A developer is reviving decade-old plans to construct four industrial buildings on an 18-acre site in Yorktown.
Garrison-based ZAT Construction Corp. plans to build more than 100,000 square feet of retail, warehouse and office space on the undeveloped property on Route 6 next to Whispering Pine Landscape Supply in Yorktown Heights.
Situated on the north side of Route 6 and bordering the municipality boundary with Somers, the property would be divided into three subdivisions under the plan.
The plans call for a 12,500-square-foot building and 49 parking spaces to be constructed on the westernmost 2.6-acre lot. A second, 5-acre lot would have a two-floor, 28,000-square-foot building with 84 parking spaces.
Two buildings, 39,000-square-feet and 21,000-square-feet respectively, would be developed on the largest 10.5-acre lot that sits along the town’s border.
Each building would house a combination of warehouse, storage, office and retail space.
David J. Sessions, a representative of ZAT Construction and vice president of Armonk-based Kellard Sessions Consulting PC, noted that the retail uses on the site would not be “a hard retail use.”
“The typical use would be a kitchen cabinet manufacturer, if you will, where they would manufacture the cabinets in the warehouse, they would store materials in the warehouse,” he said, “but you’d also have some sort of a showroom in the front, and the showroom would be kind of the retail.”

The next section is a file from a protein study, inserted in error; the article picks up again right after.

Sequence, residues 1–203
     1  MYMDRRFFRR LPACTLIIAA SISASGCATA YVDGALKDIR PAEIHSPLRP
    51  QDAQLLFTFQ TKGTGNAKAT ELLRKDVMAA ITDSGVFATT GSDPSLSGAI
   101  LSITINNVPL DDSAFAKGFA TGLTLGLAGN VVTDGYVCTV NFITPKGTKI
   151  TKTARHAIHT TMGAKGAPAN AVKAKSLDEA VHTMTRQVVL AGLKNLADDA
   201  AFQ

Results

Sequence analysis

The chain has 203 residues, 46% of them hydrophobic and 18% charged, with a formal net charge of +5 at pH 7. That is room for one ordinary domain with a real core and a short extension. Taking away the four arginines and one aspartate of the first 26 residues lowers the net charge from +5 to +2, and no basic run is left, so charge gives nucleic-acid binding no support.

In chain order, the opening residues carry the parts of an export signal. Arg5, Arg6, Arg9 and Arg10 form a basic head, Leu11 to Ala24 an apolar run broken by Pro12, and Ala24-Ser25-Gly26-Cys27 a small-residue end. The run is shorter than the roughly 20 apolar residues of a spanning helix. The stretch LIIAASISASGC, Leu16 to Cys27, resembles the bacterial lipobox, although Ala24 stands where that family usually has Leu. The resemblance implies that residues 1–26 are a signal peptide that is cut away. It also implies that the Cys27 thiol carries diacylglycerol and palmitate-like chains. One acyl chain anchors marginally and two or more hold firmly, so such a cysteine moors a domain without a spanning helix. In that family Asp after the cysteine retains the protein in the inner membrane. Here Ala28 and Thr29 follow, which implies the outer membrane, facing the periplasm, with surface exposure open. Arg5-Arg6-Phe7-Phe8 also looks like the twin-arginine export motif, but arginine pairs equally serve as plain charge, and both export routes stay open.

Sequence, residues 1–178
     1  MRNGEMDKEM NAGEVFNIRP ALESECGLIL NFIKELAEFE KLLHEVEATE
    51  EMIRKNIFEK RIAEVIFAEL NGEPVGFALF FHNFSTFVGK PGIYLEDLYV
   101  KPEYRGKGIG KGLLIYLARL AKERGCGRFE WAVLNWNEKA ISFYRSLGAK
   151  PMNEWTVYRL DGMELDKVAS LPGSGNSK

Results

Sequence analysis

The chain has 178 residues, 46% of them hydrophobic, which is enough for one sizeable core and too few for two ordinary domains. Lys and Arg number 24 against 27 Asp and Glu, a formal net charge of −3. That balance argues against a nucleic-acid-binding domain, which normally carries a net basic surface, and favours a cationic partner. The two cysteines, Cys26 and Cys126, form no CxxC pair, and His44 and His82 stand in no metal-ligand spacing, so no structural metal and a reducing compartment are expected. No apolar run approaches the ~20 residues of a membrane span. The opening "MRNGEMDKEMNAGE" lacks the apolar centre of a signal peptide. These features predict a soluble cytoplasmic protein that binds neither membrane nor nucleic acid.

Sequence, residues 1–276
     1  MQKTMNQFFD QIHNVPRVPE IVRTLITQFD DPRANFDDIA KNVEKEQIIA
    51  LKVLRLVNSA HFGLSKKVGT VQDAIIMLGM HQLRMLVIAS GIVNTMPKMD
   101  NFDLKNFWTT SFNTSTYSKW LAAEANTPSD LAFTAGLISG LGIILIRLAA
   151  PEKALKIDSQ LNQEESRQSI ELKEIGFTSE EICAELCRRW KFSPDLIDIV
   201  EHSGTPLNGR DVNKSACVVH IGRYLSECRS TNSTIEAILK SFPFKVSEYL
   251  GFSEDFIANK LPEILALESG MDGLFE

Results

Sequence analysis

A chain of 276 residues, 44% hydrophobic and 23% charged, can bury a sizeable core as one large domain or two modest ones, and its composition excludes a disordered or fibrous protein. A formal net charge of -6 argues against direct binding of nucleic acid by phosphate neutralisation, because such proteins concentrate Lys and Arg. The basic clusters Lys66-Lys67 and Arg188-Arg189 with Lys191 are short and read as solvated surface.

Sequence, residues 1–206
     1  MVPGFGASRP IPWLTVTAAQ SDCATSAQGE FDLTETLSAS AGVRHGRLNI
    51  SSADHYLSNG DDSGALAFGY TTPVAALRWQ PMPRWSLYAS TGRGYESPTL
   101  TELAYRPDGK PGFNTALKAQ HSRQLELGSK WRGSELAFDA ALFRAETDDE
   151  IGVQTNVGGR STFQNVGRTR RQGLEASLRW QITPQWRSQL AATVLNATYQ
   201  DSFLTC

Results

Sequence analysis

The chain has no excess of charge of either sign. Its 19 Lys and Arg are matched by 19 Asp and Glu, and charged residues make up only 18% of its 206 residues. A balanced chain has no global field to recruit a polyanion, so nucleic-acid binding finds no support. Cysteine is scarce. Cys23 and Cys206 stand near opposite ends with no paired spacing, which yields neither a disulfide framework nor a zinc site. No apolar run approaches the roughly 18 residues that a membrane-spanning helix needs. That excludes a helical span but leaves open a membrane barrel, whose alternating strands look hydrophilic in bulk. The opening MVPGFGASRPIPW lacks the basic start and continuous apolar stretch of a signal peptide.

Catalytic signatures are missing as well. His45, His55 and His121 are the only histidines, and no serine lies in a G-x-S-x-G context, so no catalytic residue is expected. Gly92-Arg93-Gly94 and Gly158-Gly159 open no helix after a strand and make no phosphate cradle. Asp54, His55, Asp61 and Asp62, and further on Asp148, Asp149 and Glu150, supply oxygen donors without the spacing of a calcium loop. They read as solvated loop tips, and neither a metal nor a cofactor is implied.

Sessions added that a rezoning for the property would not be necessary, since the proposed use would fit within the site’s zoning for light industrial park use.
Construction would happen in a series of phases depending on the market, Sessions said, which would allow ZAT Construction to sell each lot individually.
“We’ve designed the development so that each can stand on its own; one phase is not dependent upon another to be constructed,” he said.
The property was purchased by ZAT Construction, a company owned by CEO Victor Tonndorf, for $350,000 in 2001, according to Westchester County land records. Sessions said the project was first brought to the town in the early-2000s and again in 2011.
“Then it kind of went on hiatus,” he said. “We’re now back to try and take it across the finish line.”
Sessions said that though the project had received the go-ahead from the conservation board when it was brought to the town previously, ZAT Construction never secured final approvals from the Yorktown Planning Board.
“We were basically buttoning up some loose ends with the planning board at the time,” Sessions said.
Neither the site plan nor the proposed subdivisions have changed since the development proposal was brought to the town 14 years ago, Sessions said.
“We’re really here to reintroduce it,” he said. “We’re here to finish up.”
The project will also entail mitigation measures involving certain wetlands on the site. Sessions said a representative from the New York State Department of Environmental Conservation and the town’s former wetland consultant each confirmed the wetland boundary.
The board had stated at its March meeting that it would not take final action on the proposed project prior to receiving wetlands approval from the state.